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J. Mechanisms Robotics. 2016;9(1):011001-011001-7. doi:10.1115/1.4035085.

In a foregoing publication, the authors studied pentapods with mobility 2, where neither all the platform anchor points nor all the base anchor points are located on a line. It turned out that the given classification is incomplete. This article is devoted to the discussion of the missing cases resulting in additional solutions already known to Duporcq.

Commentary by Dr. Valentin Fuster
J. Mechanisms Robotics. 2016;9(1):011002-011002-7. doi:10.1115/1.4035087.

This paper presents a five degrees-of-freedom (DoF) low inertia shoulder exoskeleton. This device is comprised of two novel technologies. The first is 3DoF spherical parallel manipulator (SPM), which was developed using a new method of parallel manipulator design. This method involves mechanically coupling certain DoF of each independently actuated linkage of the parallel manipulator in order to constrain the kinematics of the entire system. The second is a 2DoF passive slip interface used to couple the user upper arm to the SPM. This slip interface increases system mobility and prevents joint misalignment caused by the translational motion of the user's glenohumeral joint from introducing mechanical interference. An experiment to validate the kinematics of the SPM was performed using motion capture. The results of this experiment validated the SPM's forward and inverse kinematic solutions through an Euler angle comparison of the actual and command orientations. A computational slip model was created to quantify the passive slip interface response for different conditions of joint misalignment. In addition to offering a low inertia solution for the rehabilitation or augmentation of the human shoulder, this device demonstrates a new method of motion coupling, which can be used to impose kinematic constraints on a wide variety of parallel architectures. Furthermore, the presented device demonstrates a passive slip interface that can be used with either parallel or serial robotic systems.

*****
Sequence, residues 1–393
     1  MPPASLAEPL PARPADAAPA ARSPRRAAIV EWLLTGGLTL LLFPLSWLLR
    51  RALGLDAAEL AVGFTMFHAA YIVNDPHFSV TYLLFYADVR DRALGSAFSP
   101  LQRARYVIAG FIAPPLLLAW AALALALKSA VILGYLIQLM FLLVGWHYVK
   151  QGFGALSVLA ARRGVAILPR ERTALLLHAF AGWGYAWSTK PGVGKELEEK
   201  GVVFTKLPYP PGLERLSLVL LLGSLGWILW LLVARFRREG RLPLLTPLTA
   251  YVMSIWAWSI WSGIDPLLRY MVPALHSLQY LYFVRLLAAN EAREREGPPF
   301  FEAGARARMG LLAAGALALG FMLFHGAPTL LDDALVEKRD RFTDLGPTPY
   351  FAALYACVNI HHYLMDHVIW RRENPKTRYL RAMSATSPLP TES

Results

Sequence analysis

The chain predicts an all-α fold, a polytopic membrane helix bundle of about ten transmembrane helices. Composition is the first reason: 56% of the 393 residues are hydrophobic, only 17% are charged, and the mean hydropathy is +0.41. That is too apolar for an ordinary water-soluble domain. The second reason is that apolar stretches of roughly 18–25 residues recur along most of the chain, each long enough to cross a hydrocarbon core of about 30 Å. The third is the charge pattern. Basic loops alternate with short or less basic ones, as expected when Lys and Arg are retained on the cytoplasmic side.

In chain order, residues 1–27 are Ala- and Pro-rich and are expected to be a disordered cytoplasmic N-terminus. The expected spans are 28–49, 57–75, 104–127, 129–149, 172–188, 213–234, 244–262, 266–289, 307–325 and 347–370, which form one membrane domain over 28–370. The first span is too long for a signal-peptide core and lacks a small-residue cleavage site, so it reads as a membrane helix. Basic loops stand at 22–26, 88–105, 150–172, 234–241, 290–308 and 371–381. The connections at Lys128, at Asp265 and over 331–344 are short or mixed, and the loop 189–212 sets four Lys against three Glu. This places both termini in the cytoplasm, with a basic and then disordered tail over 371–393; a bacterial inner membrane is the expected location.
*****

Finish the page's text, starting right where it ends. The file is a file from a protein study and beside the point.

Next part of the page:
Commentary by Dr. Valentin Fuster
J. Mechanisms Robotics. 2016;9(1):011003-011003-10. doi:10.1115/1.4035188.

This paper presents a classification of 3T1R parallel manipulators (PMs) based on the wrench graph. By using the theory of reciprocal screws, the properties of the three-dimensional projective space, the wrench graph, and the superbracket decomposition of Grassmann–Cayley algebra, six typical wrench graphs for 3T1R parallel manipulators are obtained along with their singularity conditions. Furthermore, this paper shows a way in which each of the obtained typical wrench graphs can be used in order to synthesize new 3T1R parallel manipulator architectures with known singularity conditions and with an understanding of their geometrical properties and assembly conditions.

Commentary by Dr. Valentin Fuster
J. Mechanisms Robotics. 2016;9(1):011004-011004-6. doi:10.1115/1.4035086.

Various plants have the ability to follow the sun with their flowers or leaves via a mechanism known as heliotropism, which is powered by pressure gradients between neighboring motor cells. Adapting this bio-inspired mechanism, in this paper we present a novel origami-inspired pneumatic solar tracking system for a picosatellite named NPU-PhoneSat that is capable of solar tracking without altering the attitude of the NPU-PhoneSat. We give an overview of the system design and address the theoretical problem of modeling the origami-inspired pneumatic solar tracking system. The theoretical results are compared with the experimental data, demonstrating the validity of the proposed analytical model. Such understanding of soft solar trackers will allow their performance to be predicted, thus enabling their wide utilization in enhancing energy supply.

Commentary by Dr. Valentin Fuster
J. Mechanisms Robotics. 2016;9(1):011005-011005-11. doi:10.1115/1.4035189.

This paper presents methods for the realization of 2 × 2 translational compliance matrices using serial mechanisms having three joints, each either revolute or prismatic and each with selectable compliance. The geometry of the mechanism and the location of the compliance frame relative to the mechanism base are each arbitrary but specified. Necessary and sufficient conditions for the realization of a given compliance with a given mechanism are obtained. We show that, for an appropriately constructed serial mechanism having at least one revolute joint, any single 2 × 2 compliance matrix can be realized by properly choosing the joint compliances and the mechanism configuration. For each type of three-joint combination, requirements on the redundant mechanism geometry are identified for the realization of every point planar elastic behavior at a given location, just by changing the mechanism configuration and the joint compliances.